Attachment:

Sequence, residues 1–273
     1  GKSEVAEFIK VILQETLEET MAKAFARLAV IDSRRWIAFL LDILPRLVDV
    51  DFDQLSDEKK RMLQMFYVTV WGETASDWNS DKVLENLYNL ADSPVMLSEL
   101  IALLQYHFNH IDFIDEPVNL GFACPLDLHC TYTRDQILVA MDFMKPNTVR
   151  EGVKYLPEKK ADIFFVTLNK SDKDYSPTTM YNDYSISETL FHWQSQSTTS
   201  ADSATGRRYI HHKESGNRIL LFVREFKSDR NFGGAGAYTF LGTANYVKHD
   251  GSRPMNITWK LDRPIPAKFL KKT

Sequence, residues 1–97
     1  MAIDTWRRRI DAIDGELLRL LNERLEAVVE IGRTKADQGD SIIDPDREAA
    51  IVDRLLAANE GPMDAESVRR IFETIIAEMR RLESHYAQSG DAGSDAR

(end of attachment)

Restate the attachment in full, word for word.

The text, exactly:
Sequence, residues 1–273
     1  GKSEVAEFIK VILQETLEET MAKAFARLAV IDSRRWIAFL LDILPRLVDV
    51  DFDQLSDEKK RMLQMFYVTV WGETASDWNS DKVLENLYNL ADSPVMLSEL
   101  IALLQYHFNH IDFIDEPVNL GFACPLDLHC TYTRDQILVA MDFMKPNTVR
   151  EGVKYLPEKK ADIFFVTLNK SDKDYSPTTM YNDYSISETL FHWQSQSTTS
   201  ADSATGRRYI HHKESGNRIL LFVREFKSDR NFGGAGAYTF LGTANYVKHD
   251  GSRPMNITWK LDRPIPAKFL KKT

Sequence, residues 1–97
     1  MAIDTWRRRI DAIDGELLRL LNERLEAVVE IGRTKADQGD SIIDPDREAA
    51  IVDRLLAANE GPMDAESVRR IFETIIAEMR RLESHYAQSG DAGSDAR